Charles Perez: Getting the Last Word
BY Neal Broverman
February 22 2011 5:05 PM ET
Even though he was out back then, Charles Perez's time hosting his self-titled talk show in the '90s was relatively scandal free. After the show wrapped in 1996, Perez transitioned into the role of television journalist, working for the program American Journal, and then serving as a weekend anchor on the number one station in the country's largest market, New York's WABC.
In 2008, Perez was named main evening anchor at WPLG in Miami — a job he says was a joy until bad publicity, regarding an ugly break-up with an ex-boyfriend, began rearing its head. Perez says his bosses become anxious about the headlines surrounding his personal life, called him "too soft," and then pulled him from the main anchor desk. After filing a complaint under the Miami-Dade Human Rights Ordinance, Perez was fired; WPLG says it had nothing to do with Perez being gay and, since the scandal erupted in 2009, the complaint against WPLG has been dismissed.
Perez's tumultuous time at WPLG, along with his entire career in front of the camera, is documented in his new memoir, Confessions of a Gay Anchorman. Happily married and with a new baby daughter, Perez talked to The Advocate about his book and why it's so hard for some television journalists to come out.
The Advocate: Why did you want to write the book?
Perez: I would not change anything about how my life has unfolded—I have an amazing husband and a beautiful daughter. But when I parted with my last station, WPLG in Miami, which, up until the end, was a great relationship—I felt like two things finally collided—Charles Perez, the TV anchor personality, and Charles Perez, the gay man. And when they did, I felt like fate put me on that intersection and I had to deal with it. It had been a long time coming.
How have people reacted to the book?
I think there’s two reactions—I stay away from reading things online; lots of people have lots of opinions and I have no power over what people think and they have a right to their opinion. But especially with the book, many people with opinions haven’t read it yet. Facebook is a great example—a lot of people have started reaching out to me, particularly young gay men. Most of all, I wrote the book because I thought we have to erase the shame associated with being gay. It’s time for gay men to have our own Rachel Maddow, if you will. There are lots of examples of gay men on television, thank God—there wasn’t when I was coming out in the '80s. But even though that changed, I do believe there’s still a ceiling. I think that’s really disconcerting and I wanted to put a spotlight on it. I know that makes some people uncomfortable, but nothing changes until it changes.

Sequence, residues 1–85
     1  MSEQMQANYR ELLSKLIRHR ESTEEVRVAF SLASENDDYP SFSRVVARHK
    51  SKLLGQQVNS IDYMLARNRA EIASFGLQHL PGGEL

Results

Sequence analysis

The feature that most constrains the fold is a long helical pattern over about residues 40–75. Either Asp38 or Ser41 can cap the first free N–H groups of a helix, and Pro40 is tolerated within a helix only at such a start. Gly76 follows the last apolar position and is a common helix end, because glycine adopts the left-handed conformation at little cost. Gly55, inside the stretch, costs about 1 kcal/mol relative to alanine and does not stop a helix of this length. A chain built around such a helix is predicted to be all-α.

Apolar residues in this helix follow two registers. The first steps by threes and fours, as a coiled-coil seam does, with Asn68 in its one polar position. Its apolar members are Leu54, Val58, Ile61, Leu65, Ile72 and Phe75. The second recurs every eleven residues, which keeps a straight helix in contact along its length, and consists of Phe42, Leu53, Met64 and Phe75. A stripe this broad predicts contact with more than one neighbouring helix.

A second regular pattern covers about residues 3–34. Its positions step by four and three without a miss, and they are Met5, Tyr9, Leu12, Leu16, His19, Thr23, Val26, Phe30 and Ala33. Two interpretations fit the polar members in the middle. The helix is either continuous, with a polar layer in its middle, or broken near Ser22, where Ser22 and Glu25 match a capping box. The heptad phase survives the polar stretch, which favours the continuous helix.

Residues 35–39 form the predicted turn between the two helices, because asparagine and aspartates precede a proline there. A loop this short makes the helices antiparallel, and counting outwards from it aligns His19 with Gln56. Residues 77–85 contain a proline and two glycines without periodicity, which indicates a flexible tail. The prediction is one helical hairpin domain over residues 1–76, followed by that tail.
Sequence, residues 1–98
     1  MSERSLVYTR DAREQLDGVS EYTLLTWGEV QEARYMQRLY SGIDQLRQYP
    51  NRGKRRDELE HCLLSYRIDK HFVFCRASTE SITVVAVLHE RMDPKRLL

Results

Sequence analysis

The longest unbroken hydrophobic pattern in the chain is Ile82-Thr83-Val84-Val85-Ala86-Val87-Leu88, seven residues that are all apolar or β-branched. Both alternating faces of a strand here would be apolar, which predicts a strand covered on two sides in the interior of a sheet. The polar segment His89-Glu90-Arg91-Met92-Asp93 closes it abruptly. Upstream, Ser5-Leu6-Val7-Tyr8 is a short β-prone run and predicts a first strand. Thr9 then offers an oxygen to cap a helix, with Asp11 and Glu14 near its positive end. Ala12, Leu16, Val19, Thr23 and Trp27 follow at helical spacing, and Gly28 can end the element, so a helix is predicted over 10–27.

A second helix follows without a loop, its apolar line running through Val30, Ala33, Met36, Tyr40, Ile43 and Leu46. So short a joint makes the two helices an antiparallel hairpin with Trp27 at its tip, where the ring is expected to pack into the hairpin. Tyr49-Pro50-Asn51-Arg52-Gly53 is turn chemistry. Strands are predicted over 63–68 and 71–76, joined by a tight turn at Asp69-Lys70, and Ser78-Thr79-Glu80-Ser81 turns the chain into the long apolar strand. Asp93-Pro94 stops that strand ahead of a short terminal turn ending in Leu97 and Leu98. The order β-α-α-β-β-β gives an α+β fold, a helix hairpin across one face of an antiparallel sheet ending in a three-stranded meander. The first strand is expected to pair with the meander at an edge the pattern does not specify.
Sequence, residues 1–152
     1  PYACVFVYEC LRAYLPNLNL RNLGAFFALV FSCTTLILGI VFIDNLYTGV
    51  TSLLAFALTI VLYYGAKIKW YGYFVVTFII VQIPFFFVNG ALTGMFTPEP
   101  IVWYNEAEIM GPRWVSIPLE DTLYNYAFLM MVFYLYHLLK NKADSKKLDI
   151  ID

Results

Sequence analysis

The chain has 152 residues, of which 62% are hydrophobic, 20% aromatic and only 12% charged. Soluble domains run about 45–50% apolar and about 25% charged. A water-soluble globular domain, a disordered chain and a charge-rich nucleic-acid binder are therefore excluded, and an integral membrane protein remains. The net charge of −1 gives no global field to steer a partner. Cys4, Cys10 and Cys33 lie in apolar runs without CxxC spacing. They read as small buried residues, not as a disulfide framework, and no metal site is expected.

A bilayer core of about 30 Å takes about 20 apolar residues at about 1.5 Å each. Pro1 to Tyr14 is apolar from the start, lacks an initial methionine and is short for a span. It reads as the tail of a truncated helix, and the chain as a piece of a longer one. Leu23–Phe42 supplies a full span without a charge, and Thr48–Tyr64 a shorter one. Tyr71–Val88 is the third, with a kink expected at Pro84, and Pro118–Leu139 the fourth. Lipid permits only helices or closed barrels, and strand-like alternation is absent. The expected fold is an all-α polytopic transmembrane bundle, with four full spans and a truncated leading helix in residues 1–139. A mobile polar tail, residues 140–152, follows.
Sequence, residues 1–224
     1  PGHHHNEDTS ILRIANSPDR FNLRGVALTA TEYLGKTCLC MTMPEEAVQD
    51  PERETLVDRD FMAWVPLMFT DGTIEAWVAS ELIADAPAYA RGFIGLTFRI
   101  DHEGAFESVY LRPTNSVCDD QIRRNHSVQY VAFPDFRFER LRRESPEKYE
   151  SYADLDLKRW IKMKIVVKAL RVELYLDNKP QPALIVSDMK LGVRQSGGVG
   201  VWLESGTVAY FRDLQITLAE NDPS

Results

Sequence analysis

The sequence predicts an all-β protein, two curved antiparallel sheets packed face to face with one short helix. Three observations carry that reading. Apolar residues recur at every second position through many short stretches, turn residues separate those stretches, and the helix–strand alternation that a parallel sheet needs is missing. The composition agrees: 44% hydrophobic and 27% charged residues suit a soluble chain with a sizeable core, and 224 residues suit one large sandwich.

In the book, you mention a newspaper article that had the headline, “Charles Perez, Too Gay for WPLG?” How strongly did you feel there’s a limit on journalists’ "gayness?"
I give an example in the book of a co-worker who called one of our meteorologists “too gay”; he needed to be tempered. First of all, [the gay man] was a great meteorologist. Bottom line. And that’s the other message of the book—as Martin Luther King said, we should be judged on the content of our character. We should also be judged by the quality of our work and our results. But in today’s corporate culture, particularly if you’re on camera, you’re a commodity. Being gay is still considered by the top brass a liability. They’ll take that shot with you if you’re a reporter in the street or if you’re a morning anchor, but if you’re the main evening anchor that they’re putting their image behind—not so much. This is true at a local stations and at a national network. [Executives] might be OK with it, but there’s an unspoken expectation that you will not only not lead with it, but you will allow the misperception that you’re straight to be perpetuated.
Does Joe the Plumber, et al, care if he gets his news from a gay anchor?
I don’t think they care. And if they care, they care for a moment and then they’re more interested if you’re doing a professional job. I think the fear comes more out of advertisers and out of television executives who are afraid what advertisers will think. Ellen DeGeneres is a great example, if you go back to her sitcom. When she came out, there were great ratings, everything was fine, and then unfortunately advertisers started to pull out and ABC didn’t stand with her; they dumped the show. I think in the long run, Ellen and Rosie O’Donnell and Rachel Maddow have proven the case—if you’re good, no one cares. But I think there is a double-standard with men. The Celluloid Closet put a spotlight on how gay men were only allowed in films as jesters or clowns. There are a lot of great people who are on TV today and accepted by management and their colleagues, but there also sort of the role of “Jack” on Will and Grace. That’s unfortunate and needs to change. We can’t be that narrow; our community is broader than that.
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